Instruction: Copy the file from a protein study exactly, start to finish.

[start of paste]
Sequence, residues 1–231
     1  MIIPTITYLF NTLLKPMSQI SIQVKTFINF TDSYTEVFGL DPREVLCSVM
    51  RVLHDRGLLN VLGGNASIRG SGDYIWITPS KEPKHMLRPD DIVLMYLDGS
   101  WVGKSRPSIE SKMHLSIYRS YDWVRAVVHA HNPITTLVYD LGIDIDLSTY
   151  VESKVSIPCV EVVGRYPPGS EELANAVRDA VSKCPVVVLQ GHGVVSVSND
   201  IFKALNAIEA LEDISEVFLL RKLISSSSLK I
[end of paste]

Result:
Sequence, residues 1–231
     1  MIIPTITYLF NTLLKPMSQI SIQVKTFINF TDSYTEVFGL DPREVLCSVM
    51  RVLHDRGLLN VLGGNASIRG SGDYIWITPS KEPKHMLRPD DIVLMYLDGS
   101  WVGKSRPSIE SKMHLSIYRS YDWVRAVVHA HNPITTLVYD LGIDIDLSTY
   151  VESKVSIPCV EVVGRYPPGS EELANAVRDA VSKCPVVVLQ GHGVVSVSND
   201  IFKALNAIEA LEDISEVFLL RKLISSSSLK I